Table 2. Racial Characteristics of the UVA AFC Population
||AFC Population (%)
||UVA AF Population* (%)
||Primary Referral Area (%)
||Primary and Secondary Referral Area (%)
||State of Virginia (%)
||United States (%)
|White, not of Hispanic origin
|Other, including mixed race
*Patients seen as outpatients in any clinic at UVA with a primary diagnosis of AF. UVA- University of Virginia; AFC-Atrial Fibrillation Center
In this study, we have defined the population of a tertiary AFC, which is quite different from the population demographics of AF in the United States.7-16 In the United States, studies have shown that the incidence of AF in men is 1.5 times that of women. However, women have greater longevity, and ultimately the prevalence of AF in men and women is the same. It has also been shown that women are more likely to have PAF and their episodes are more frequent and faster. Women have higher symptom burdens and lower quality of life scores. Associated with AF, women have more comorbities and strokes. Fewer studies have evaluated AF in racial and ethnic minorities in the United States, but the prevalence of AF in African Americans is thought to be about half that of whites.17-19
In our AFC population, twice as many men were referred as women. The women were older and more likely to have PAF than the men, but otherwise the two populations were relatively similar. The women had fewer comorbidities and symptoms than the known epidemiology would lead us to expect. This suggests that women with comorbid conditions are not being referred for tertiary care. African Americans and other minority were dramatically less likely to be referred to our tertiary AF center, even when taking into consideration the expected lower prevalence in this population.
Determining why women and racial minorities are referred less often to our AFC is beyond the scope of this study and is likely multifactorial. Similar findings have been seen in other studies.22,23 AFCs tend to serve AF patients who are difficult to manage or who are viewed as being ablation candidates by referring physicians. The data regarding catheter ablation outcomes and complications for AF in women is conflicting, and there is virtually no data for African American patients.24-25 Our referring physicians may view women and racial minority patients as poor candidates for more invasive therapies. In addition, gender and racial disparity have been well described within the field of cardiology. It has been shown that women and African Americans are less likely to be offered aggressive therapies, including cardiac catheterizations and implantable cardioverter-defibrillators.17-19 There are also data to suggest that women are more cautious about undergoing elective procedures compared to men.26-27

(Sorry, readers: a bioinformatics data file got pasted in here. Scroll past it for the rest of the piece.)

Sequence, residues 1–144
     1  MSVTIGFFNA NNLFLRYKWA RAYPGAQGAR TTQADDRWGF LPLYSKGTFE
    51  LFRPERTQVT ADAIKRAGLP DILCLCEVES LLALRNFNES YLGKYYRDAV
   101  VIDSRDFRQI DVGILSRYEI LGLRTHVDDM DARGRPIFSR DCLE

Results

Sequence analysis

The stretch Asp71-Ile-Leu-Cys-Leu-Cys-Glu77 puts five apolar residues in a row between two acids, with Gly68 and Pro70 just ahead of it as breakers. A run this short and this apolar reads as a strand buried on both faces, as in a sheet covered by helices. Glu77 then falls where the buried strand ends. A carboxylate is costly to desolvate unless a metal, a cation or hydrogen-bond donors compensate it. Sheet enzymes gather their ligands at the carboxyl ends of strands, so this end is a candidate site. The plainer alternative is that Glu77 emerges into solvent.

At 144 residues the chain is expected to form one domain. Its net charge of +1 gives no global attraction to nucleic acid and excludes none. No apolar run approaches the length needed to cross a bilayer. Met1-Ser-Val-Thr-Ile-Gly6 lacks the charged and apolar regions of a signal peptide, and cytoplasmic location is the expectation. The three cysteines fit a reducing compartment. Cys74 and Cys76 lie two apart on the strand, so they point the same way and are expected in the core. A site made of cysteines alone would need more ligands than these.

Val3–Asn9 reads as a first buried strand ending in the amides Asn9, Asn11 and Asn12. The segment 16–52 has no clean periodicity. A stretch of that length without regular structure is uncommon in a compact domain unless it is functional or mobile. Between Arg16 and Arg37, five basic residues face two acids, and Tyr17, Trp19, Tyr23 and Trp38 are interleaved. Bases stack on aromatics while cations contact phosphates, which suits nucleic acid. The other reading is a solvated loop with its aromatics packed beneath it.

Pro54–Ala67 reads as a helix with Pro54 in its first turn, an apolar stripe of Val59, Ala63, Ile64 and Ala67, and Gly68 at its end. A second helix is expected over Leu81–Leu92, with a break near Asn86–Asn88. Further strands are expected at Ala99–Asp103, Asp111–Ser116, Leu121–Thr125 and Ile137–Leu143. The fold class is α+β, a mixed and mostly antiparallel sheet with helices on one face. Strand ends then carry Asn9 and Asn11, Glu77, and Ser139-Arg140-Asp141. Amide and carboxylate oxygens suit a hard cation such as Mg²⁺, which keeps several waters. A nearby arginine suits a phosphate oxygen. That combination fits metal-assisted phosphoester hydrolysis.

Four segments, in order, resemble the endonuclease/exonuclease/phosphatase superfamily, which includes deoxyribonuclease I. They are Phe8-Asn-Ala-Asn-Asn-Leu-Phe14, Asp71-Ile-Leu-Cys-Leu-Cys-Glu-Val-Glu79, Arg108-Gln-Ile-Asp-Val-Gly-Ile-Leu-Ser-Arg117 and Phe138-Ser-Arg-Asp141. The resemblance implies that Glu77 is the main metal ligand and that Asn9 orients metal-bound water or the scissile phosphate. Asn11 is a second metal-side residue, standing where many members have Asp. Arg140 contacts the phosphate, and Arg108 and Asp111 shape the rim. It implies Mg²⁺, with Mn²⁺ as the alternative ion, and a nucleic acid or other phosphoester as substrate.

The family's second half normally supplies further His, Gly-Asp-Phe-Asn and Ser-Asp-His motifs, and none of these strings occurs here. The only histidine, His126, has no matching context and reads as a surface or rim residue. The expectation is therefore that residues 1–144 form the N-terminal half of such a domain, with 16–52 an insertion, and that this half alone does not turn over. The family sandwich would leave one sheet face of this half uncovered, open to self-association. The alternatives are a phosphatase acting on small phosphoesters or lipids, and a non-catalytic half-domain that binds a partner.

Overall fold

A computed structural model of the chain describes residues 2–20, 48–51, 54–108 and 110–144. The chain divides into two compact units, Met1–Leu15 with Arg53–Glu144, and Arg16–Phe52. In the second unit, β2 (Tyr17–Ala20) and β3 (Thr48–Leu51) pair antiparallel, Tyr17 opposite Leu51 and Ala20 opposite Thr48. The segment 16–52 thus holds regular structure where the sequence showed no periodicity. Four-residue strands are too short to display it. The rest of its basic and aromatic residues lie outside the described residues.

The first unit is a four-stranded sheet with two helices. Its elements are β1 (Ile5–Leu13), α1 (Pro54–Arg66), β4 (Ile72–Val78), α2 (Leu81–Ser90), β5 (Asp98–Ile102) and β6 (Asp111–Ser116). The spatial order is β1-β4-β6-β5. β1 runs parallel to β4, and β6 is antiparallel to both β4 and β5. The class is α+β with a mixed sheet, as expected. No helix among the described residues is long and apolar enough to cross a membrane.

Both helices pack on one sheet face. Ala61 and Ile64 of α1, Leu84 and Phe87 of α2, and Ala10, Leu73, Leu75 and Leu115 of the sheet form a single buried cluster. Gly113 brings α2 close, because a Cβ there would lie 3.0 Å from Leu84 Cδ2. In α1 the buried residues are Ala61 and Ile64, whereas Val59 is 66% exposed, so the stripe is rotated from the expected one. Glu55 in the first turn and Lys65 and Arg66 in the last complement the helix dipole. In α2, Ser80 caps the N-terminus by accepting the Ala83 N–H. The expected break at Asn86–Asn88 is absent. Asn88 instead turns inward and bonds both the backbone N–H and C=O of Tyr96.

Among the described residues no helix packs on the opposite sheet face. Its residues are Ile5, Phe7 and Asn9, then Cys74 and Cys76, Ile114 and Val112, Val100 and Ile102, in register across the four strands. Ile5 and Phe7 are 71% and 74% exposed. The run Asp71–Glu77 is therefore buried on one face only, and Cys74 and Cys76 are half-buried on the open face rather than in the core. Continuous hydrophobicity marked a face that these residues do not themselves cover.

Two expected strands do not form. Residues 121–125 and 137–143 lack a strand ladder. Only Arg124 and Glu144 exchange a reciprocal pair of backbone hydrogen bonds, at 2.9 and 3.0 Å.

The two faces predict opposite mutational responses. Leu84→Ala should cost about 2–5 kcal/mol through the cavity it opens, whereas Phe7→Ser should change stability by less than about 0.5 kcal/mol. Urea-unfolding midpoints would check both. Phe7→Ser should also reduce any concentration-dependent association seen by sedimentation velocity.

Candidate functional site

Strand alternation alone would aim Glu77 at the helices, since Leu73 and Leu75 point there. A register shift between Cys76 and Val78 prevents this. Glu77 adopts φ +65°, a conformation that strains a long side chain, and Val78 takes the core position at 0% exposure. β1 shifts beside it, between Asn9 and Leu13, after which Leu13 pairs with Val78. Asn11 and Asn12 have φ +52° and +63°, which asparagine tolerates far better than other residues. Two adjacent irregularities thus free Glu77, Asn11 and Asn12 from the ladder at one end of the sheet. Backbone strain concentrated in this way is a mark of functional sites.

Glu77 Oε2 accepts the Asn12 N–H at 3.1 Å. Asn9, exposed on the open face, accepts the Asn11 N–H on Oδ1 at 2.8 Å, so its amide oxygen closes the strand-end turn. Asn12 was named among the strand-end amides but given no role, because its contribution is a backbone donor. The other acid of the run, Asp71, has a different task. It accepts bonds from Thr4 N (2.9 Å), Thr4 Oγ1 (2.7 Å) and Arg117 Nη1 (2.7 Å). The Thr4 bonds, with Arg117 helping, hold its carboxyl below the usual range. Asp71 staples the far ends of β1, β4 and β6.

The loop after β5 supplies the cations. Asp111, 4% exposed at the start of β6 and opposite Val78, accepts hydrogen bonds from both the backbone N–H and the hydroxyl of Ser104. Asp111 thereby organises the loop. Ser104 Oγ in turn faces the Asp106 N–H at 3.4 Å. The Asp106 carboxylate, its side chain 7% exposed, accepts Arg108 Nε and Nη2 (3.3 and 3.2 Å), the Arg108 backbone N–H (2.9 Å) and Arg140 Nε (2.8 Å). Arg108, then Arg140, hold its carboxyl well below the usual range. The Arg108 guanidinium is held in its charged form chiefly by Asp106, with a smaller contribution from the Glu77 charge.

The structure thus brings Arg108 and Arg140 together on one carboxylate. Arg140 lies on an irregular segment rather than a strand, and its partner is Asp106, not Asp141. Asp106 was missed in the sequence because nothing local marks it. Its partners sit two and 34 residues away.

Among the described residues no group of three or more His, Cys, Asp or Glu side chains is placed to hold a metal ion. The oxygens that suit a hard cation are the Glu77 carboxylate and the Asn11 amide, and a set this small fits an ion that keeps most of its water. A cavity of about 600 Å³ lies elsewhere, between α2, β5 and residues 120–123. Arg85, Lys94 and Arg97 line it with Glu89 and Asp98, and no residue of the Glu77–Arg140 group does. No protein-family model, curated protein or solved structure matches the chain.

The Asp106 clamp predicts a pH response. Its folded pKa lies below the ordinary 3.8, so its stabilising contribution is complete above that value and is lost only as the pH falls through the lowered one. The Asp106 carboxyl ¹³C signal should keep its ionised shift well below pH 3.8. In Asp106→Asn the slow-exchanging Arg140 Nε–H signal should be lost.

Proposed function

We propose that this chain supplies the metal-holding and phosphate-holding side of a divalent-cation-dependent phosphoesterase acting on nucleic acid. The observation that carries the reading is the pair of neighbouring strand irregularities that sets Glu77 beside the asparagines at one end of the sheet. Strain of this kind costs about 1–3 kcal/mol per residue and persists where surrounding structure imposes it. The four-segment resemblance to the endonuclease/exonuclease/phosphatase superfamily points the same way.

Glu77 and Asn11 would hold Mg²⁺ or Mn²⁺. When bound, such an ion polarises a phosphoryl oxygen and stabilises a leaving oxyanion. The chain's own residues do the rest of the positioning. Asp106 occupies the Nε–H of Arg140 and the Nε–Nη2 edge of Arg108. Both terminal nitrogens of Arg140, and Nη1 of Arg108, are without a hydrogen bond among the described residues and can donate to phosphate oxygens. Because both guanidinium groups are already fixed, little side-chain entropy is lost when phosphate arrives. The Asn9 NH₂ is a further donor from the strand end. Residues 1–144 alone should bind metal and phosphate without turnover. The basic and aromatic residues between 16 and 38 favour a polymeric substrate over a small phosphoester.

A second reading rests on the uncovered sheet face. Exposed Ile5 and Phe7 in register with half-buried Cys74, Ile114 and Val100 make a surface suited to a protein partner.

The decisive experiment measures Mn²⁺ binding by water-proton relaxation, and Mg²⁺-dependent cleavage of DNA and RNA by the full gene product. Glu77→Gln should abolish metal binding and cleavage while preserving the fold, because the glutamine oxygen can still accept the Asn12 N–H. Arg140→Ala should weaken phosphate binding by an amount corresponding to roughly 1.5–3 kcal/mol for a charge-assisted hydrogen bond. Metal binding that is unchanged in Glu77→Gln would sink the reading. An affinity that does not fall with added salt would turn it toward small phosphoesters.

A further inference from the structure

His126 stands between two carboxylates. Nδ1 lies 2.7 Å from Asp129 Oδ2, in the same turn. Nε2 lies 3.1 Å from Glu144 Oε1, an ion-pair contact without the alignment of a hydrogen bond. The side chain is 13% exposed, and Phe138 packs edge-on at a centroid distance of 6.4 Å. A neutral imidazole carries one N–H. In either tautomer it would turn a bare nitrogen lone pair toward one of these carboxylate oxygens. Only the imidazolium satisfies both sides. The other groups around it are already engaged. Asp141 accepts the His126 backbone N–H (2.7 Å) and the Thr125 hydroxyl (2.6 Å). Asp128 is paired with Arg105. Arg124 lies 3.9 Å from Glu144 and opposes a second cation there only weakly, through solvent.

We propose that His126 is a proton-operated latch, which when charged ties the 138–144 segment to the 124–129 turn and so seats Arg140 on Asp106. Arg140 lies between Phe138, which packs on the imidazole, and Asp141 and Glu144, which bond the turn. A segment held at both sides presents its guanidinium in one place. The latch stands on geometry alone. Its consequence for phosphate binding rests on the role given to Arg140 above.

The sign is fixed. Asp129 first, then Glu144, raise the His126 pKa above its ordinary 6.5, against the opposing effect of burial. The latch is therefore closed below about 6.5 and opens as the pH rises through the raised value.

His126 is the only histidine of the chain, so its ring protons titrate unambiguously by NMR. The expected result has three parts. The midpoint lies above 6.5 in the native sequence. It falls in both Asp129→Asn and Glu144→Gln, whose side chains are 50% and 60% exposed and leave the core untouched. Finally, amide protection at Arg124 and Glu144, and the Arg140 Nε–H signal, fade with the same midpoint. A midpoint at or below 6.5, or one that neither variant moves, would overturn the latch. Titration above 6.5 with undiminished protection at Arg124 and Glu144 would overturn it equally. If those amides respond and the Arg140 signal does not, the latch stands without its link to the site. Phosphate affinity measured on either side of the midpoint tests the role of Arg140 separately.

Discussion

One of the most encouraging findings of this study is the aggressive usage of antithrombotic medications in both men and women by our referring physicians, which includes a large proportion of primary care physicians as well as general cardiologists. Over 80% of all patients were receiving aspirin or warfarin at the time of referral to the AFC. Patients were also being aggressively treated with rate-controlling medications, with women being more likely to receive these medications. This may reflect the increased burden of palpitations that the women experienced. Only a third of the patients had ever received any antiarrhythmic therapy prior to referral to our specialized AFC. Studies have demonstrated that women have increased side effects to antiarrhythmic medications over men.7,11,12 However, there were no differences in antiarrhythmic usage between men and women in our patients.
This study is limited as a retrospective review. While our referral area is large, it is still geographically limited and the ability to extrapolate this data to other tertiary AFC centers is unknown. However, we have demonstrated that there are differences in the ways that women and racial minorities with AF are managed. Physiologic differences do occur between different groups of patients; however, determining what those differences are can be difficult due to the disparity in medical care and research. This study highlights the need for further investigation regarding the epidemiology and management of AF in women and racial minorities.